Five Spring Training storylines for Giants, A's

674986.jpg

Five Spring Training storylines for Giants, A's

With pitchers and catchers set to report to Arizona, it's time to examine five Spring Training storylines for both the Giants and A's.

San Francisco Giants
Is Brian Wilsons arm back to full strength?
All the offseason talk surroundingthe Giants involves Buster Poseys health, offensive improvements, and contracttalks with Tim Lincecum and Matt Cain. But lets not forget that Brian Wilson did not pitch in agame from Aug. 15 to Sept. 18 with elbow issues. Even when on the mound, Wilson did not have thevelocity or control that made him one of the games most intimidating closersin 2010. While Wilsonclaims he feels fine, the Giants plan to hold him out of early Spring Traininggame action. A healthy Wilsongives the Giants a leg up in all the one-run games that are likely to littertheir N.L. West schedule. But if Wilsonstill isnt one hundred percent healed, the Giants bullpen -- and chances toreturn to the playoffs -- would take a major hit.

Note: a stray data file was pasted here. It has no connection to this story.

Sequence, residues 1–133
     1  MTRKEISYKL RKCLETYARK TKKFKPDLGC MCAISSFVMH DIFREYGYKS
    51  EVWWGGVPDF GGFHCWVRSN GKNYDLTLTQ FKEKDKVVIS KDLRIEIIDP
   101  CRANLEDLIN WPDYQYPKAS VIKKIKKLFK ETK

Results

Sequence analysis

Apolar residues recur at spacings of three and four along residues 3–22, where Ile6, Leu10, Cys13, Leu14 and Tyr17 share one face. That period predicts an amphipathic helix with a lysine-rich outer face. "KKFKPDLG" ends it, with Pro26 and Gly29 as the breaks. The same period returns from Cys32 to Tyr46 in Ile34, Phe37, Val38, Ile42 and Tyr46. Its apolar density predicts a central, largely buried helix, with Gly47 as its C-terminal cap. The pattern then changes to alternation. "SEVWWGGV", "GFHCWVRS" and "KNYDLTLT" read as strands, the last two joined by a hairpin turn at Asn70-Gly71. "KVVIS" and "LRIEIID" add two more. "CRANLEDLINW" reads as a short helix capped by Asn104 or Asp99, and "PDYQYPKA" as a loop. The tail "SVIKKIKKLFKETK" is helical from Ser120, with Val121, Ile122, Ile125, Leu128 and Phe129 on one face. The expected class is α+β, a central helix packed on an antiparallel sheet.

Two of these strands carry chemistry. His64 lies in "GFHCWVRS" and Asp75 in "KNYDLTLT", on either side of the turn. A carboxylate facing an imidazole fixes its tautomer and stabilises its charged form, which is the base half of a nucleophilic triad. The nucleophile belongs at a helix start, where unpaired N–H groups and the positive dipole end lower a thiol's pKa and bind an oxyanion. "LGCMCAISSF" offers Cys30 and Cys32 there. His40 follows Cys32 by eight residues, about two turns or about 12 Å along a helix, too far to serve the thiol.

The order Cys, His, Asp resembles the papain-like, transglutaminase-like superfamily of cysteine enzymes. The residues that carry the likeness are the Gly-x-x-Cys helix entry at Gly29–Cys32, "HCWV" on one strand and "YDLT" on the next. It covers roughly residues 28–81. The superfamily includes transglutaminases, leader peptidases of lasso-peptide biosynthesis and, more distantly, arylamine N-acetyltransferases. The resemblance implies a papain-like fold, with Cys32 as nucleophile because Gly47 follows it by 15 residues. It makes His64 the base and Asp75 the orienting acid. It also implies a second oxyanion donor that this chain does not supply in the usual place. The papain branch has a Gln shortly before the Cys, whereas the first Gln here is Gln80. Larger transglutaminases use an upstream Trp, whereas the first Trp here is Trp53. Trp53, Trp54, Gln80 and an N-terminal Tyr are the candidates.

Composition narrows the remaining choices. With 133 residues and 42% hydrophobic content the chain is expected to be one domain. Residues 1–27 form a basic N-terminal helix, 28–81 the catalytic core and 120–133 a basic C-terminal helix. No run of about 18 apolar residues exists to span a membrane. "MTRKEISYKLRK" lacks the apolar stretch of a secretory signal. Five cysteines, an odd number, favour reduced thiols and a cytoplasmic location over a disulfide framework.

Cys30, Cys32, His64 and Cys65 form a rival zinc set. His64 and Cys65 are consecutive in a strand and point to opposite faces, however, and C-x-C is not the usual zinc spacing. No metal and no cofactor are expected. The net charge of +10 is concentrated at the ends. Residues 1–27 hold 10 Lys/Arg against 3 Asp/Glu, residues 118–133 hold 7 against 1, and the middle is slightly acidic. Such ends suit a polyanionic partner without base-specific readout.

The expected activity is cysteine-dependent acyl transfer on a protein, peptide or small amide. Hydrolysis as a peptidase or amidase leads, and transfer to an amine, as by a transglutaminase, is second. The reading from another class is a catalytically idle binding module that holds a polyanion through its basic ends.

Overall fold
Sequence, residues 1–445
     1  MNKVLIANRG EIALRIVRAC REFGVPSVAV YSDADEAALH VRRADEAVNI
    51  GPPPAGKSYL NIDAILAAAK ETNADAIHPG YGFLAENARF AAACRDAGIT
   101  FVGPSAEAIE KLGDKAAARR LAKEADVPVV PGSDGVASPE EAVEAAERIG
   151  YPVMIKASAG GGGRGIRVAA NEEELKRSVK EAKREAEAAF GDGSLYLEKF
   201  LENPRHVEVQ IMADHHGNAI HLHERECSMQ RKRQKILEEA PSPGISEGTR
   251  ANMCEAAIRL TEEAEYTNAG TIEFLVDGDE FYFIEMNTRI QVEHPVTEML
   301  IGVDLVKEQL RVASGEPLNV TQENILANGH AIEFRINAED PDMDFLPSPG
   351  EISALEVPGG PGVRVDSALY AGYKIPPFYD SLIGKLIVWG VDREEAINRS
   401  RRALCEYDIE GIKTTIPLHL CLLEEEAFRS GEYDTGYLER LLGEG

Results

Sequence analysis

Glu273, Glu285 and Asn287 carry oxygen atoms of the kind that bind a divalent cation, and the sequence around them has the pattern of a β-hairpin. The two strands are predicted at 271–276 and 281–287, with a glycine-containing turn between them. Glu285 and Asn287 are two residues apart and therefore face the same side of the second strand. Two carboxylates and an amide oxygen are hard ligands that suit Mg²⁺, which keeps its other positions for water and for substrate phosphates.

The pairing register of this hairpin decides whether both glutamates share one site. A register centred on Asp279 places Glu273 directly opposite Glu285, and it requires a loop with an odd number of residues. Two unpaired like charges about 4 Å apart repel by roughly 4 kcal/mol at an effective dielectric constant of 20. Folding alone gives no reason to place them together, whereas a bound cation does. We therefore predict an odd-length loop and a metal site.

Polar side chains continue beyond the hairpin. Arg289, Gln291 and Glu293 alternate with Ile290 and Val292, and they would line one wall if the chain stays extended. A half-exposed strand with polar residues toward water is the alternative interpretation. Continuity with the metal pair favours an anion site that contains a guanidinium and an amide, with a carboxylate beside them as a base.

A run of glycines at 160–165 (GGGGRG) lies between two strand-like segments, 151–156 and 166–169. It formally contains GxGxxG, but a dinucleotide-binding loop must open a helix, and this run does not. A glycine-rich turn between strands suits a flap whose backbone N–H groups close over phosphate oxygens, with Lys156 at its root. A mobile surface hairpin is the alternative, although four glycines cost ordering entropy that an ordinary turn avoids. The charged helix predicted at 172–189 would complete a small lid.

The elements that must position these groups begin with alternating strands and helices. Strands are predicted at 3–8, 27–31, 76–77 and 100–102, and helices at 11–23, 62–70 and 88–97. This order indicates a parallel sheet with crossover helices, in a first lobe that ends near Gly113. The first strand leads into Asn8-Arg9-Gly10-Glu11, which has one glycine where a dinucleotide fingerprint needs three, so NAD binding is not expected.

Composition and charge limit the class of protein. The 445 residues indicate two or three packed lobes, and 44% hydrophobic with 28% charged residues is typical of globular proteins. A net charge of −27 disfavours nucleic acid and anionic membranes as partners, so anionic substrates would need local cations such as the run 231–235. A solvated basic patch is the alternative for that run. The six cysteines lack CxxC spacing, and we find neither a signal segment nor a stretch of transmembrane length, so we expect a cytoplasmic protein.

Will Buster Posey look like he did in 2010 when he returns? I havent seen Buster Poseyslatest X-rays, but if we are to believe him and the Giants staff, Posey shouldbe ready to start behind the plate on Opening Day. However, the Giants needPosey to do more than just start; they need him to produce like themiddle-of-the-order threat he was in 2010. If Poseys health keeps him out ofthe lineup too often or if his bat speed and core strength isnt yet up to parwith where it once was, the Giants offense will be in trouble. Will Brandon Crawford establish himself as a starting shortstop? While his glove is obviouslybig-league caliber, Brandon Crawfords bat leaves a lot to be desired. Theoffensively starved Giants can hardly afford a hole in the lineup, andCrawford, in all likelihood, is just that. But a strong showing in SpringTraining could give the UCLA product a confidence boost heading into theregular season, which he needs if he expects to avoid a return trip to theminor leagues. Is Aubrey Huff in shape and ready to return to his 2010 form? From MVP candidate in 2010 tolaughing stock in 2011, Aubrey Huff has had an interesting two years in Orange and Black. Whetherits the pilates routine or cutting down on the cigarettes and cheap beer,were already hearing plenty of Best Shape of His Life stories about Huffheading into Spring Training. But even if Huff arrives in Arizona looking like Mr. Universe, there arelegitimate concerns that he is too far past his prime to rebound and producelike he did in 2010. Will Brandon Belt make the 25-man roster? Brandon Belt had a tough rookieseason. He struggled at the plate to start his Major League career and justwhen he started to get hot, an injury derailed his momentum. Huffs SpringTraining performance will help Brian Sabean and Bruce Bochy decide what to dowith Belt, who has the potential to start at first base, in left field or in Fresno if things dont gohis way. Oakland AsIs Yoenis Cespedes the real deal? The As turned what looked to be adull team into a must-watch product when they signed Cuban defector YoenisCespedes to a four-year deal. The international spotlight will be on the26-year-old slugger as soon as he reports to Spring Training. While he hasfaced some Major League pitching in the 2009 World Baseball Classic, most ofCespedes monster numbers have come against inferior competition. How he faresagainst MLB starters looking to get their Spring Training work in should givefans a glimpse of what type of player he will be in the big leagues. What will the starting lineup and rotation look like? Before the Cespedes signing, theAs may have started the season with Coco Crisp batting in the middle of theorder. Even with Cespedes on board, there are a lot of questions about who willbat where. Other than speedster Jemile Weeks in the leadoff spot, the rest ofthe lineup remains a mystery. The same goes for the starting rotation. BrandonMcCarthy and Bartolo Colon are scheduled to open the season against theMariners in Japan,but the 3-5 starters are still up in the air. Will Dallas Braden be healthyenough to join the rotation some time in April? Will Tommy Milone, Tyson Rossandor Graham Godfrey stake a claim to a slot? While Spring Training lineupsand rotations will feature a few players unlikely to end up playing in Oakland during theregular season, manager Bob Melvin should provide some hints as to what his 1-9and 1-5 will look like come Opening Day. What can Bob Melvin do with a full season at the helm? Melvin went 47-52 in the final 99games of the 2011 season after taking over for the fired Bob Geren in June oflast season. He took over a team that was decimated by injuries and filled withplayers that had issues with their previous manager. With that in mind, Melvingetting the As to play near-.500 ball is pretty impressive. While he willstart the season with a clean slate, he is also dealing with less talent on theroster with the departures of Gio Gonzalez and Trevor Cahill, among others. WhileSpring Training won-loss records are meaningless, it will be interesting towatch Melvin work in his first season in Arizonaas the As manager. Is Bartolo Colon capable of repeating his 2011 season? Bartolo Colon cant fill the voidleft by Gio Gonzalez and Trevor Cahill on the mound, but he will surely try toat the clubhouse buffet table. Sorry, pardon the cheap shot. Colon, the 2005 Cy Young award winner withthe Angels, had an impressive season with the Yankees in 2011 after notpitching in the majors in 2010. He went 8-10 with a 4.00 ERA against some toughoffenses in the A.L. East. The As dont seem to have an ace for 2011, butthey will need Colon to come into Spring Training as in shape as he possiblycan and put up numbers at least as good as he did last season in pinstripes. Will the As new prospects be ready to contribute immediately? Brad Peacock, A.J. Cole, TommyMilone, Derek Norris, Jarrod Parker, Collin Cowgill, Ryan Cook and Josh Reddickare among the plethora of prospects that are now part of the As system aftergeneral manager Billy Beane shipped away players like Gonzalez, Cahill, AndrewBailey, Ryan Sweeney and Craig Breslow. Many of these players need some moreminor league seasoning, putting them in line for major roles with the As in2014 and beyond, when the team hopes to land a new stadium in San Jose. However, some of the acquisitionsmay get a shot to contribute right away. There is no doubt the loss of suchfan-favorites as Cahill and Gonzalez will hurt, but if some of the youngstersput together a strong Spring Training and make the Opening Day roster, it couldhelp fans with their postpartum depression.